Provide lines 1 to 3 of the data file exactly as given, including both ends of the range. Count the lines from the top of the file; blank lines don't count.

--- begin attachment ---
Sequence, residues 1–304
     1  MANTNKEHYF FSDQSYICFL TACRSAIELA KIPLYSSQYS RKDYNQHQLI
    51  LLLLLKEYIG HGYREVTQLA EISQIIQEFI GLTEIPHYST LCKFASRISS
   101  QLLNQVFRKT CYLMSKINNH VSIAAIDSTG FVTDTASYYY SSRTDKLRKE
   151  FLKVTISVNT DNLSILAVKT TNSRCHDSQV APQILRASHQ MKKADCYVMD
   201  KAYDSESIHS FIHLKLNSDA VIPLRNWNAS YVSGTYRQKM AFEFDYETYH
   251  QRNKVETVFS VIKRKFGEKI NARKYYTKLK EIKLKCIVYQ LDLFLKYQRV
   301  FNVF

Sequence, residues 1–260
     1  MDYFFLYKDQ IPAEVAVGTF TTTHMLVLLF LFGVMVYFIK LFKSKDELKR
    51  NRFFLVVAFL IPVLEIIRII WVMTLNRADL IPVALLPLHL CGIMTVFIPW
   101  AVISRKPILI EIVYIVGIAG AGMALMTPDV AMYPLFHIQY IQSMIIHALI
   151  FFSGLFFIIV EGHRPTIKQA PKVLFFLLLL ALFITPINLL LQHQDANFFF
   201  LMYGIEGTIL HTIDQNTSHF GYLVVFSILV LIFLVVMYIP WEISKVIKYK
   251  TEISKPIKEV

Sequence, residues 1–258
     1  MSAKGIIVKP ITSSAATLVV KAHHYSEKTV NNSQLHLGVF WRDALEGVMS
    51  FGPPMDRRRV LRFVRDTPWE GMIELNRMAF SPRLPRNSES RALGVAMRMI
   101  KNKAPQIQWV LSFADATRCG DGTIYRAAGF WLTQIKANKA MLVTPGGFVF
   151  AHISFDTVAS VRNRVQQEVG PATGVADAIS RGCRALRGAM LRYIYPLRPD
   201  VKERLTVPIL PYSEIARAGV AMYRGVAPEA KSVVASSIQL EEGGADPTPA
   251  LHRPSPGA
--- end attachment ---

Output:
Sequence, residues 1–304
     1  MANTNKEHYF FSDQSYICFL TACRSAIELA KIPLYSSQYS RKDYNQHQLI
    51  LLLLLKEYIG HGYREVTQLA EISQIIQEFI GLTEIPHYST LCKFASRISS